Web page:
The type of substrate and composition of the food can have a dramatic effect on the response of microorganisms during pressure treatment. Carbohydrates, proteins, lipids and other food constituents can confer a protective effect (Simpson & Gilmour, 1997; Garcia-Graells et al., 1999). This is probably due to the fact that, in contrast to heat, HPP does not denature covalent bonds, which in turn leaves primary protein structure largely unaffected (Murchie et al., 2005). Some foods appear to give more protection than others, and this may be due to the ability of rich media to provide essential vitamins and amino acids to stressed cells (Black et al., 2007). Complex media and some foods containing numerous ingredients have recently been shown to exert a baroprotective effect on microorganisms. Hauben et al. (1998) showed that Ca2+ and other cations protected E. coli from the effects of HPP while van Opstal et al. (2003) demonstrated the protective effect of high sucrose concentrations on E. coli exposed to high pressure. More recently, Black et al. (2007) reported the increased survival of Listeria innocua in simulated milk ultra filtrate with added calcium, magnesium, citrate and phosphate. Magnesium is known to have a stabilizing effect on ribosome structure; however, loss of essential ions like magnesium could trigger ribosome destabilization (Niven et al., 1999). Calcium stabilizes the outer membrane of cells as its concentration increases; therefore HPP would then have to inactivate bacterial cells via less sensitive targets (Hauben et al., 1998). Sucrose protects bacterial cells from the damaging effects of HPP inactivation by stabilizing membrane protein functionality (Mañas & Pagán, 2005). Furthermore, recent evidence from our laboratory has revealed that compatible solutes (such as betaine and carnitine) can also act as baroprotective compounds (Smiddy et al., 2004; Sheehan et al., 2006); however, because of this phenomenon, the use of laboratory media and buffers in place of real food situations is of little use, as a more severe treatment may be needed in foods to achieve the same levels of inactivation, as was observed by Patterson et al. (1995), Dogan & Erkmen (2004) and Smiddy et al. (2005). Compatible solutes play a role as stabilizers of enzyme function and as osmotic balancers (Hill et al., 2002).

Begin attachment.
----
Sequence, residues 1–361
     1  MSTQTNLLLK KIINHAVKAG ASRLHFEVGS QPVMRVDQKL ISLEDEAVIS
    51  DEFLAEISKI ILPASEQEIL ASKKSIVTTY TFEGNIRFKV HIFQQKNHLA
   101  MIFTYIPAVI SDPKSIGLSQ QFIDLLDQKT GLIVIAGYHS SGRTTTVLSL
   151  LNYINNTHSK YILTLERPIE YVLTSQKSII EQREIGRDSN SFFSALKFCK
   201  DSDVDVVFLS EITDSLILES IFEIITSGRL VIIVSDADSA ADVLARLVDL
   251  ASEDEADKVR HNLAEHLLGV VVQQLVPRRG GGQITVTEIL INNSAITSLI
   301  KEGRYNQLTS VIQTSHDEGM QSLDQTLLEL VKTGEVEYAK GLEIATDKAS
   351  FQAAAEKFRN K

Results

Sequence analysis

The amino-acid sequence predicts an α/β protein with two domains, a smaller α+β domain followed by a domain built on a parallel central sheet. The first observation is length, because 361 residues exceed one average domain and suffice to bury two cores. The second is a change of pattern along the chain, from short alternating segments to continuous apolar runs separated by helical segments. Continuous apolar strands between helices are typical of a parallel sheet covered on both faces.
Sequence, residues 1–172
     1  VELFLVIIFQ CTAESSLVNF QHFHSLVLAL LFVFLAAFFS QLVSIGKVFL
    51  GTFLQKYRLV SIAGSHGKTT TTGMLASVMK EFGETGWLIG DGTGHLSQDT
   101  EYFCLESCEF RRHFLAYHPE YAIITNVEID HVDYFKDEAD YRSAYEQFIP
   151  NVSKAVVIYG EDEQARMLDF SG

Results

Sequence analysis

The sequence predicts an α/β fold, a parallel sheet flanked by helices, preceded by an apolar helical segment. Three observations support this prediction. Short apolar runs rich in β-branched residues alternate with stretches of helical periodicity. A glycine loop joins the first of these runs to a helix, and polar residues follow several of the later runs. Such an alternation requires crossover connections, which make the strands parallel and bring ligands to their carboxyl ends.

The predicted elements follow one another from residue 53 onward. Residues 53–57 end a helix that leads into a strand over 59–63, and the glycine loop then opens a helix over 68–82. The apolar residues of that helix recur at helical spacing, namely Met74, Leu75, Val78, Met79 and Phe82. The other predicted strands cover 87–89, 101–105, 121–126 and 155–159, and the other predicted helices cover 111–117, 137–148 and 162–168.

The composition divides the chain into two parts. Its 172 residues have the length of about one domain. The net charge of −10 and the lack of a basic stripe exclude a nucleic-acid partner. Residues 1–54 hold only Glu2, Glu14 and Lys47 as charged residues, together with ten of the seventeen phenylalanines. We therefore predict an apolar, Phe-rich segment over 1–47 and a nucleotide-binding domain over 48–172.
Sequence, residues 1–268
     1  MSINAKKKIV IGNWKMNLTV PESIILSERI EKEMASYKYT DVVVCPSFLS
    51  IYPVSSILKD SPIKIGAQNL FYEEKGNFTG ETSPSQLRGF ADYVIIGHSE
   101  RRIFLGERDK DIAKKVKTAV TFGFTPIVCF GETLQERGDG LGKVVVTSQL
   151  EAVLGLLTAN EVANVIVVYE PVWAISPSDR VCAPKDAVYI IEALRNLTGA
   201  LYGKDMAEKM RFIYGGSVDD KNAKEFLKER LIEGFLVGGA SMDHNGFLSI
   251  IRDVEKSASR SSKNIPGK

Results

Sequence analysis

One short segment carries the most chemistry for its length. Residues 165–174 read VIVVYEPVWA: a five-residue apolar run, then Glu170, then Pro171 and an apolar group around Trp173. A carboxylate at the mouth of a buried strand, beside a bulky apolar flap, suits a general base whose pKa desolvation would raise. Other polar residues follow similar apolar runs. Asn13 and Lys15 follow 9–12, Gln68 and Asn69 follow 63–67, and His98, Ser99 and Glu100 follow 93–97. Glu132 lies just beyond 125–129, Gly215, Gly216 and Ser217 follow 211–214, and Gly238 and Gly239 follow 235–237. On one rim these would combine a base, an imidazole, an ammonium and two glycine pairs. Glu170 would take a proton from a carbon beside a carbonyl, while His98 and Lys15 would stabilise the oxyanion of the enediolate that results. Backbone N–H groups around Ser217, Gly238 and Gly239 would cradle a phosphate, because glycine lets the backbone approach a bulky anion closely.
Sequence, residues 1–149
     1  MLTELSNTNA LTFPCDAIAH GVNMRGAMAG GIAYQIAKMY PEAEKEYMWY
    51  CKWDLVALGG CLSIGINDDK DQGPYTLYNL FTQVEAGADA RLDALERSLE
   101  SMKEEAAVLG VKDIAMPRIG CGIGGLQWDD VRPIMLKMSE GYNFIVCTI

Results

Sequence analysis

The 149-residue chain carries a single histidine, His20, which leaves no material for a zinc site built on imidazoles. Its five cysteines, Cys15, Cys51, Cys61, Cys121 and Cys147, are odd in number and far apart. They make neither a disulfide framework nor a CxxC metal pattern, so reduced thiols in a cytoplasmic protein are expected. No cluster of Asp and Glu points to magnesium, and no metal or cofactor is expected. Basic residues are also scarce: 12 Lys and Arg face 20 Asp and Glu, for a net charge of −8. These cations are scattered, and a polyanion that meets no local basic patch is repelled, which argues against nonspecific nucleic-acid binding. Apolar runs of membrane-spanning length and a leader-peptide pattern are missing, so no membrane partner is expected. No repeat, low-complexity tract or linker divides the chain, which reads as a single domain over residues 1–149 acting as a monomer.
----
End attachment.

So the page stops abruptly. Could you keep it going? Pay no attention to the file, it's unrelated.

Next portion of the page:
Generally, low water activity (aw) protects cells against HPP, but microorganisms that are injured by HPP are usually more sensitive to aw (Smelt, 1998). The nature of the solute (i.e. sugar or salt) can have a significant effect on cell survival after pressure treatment, and in particular on the pressure resistance of spores. Patterson (1999) showed that ionic solutes such as NaCl and CaCl2 conferred more protection on Bacillus coagulans than nonionic solutes such as sucrose and glycerol, and concluded that the spores of B. coagulans were better protected by high ion concentration rather than low aw . Cheftel (1995) also observed that sucrose and salt content seem to exert a considerable baroprotective effect against HPP inactivation of microorganisms.
HPP only affects noncovalent bonds (i.e. ionic, hydrophobic and hydrogen bonds), which means that primary protein structures remain intact while alterations may occur in secondary, tertiary and quaternary structures in the form of protein unfolding for instance (Ross et al., 2003; Rastogi et al., 2007). Hoover et al. (1989) noted that the pH range for the growth of microorganisms narrows as a result of HPP causing an inhibitory effect on membrane ATPase, a vital enzyme in the acid–base physiology of cells. The environment around the microorganism can significantly influence HPP inactivation, e.g. low pH in a suspending medium can render pathogens more sensitive to the effects of HPP (Alpas et al., 2000). Studies carried out comparing buffers and food systems have indicated that pressurization of buffers generates an extensive shift in pH, which would render such data unrealistic in food situations (Patterson et al., 1995; Smelt, 1998). It is known that the pH of acidic solutions decreases as pressure increases (Patterson, 2005). When the treatment pressure is released, reversion to the original pH value occurs. It is unknown whether the sudden pH change has an effect on microbial survival as well as the effect of pressure alone. Vegetative bacteria are relatively sensitive to pressure, heat and low pH (Smelt, 1998).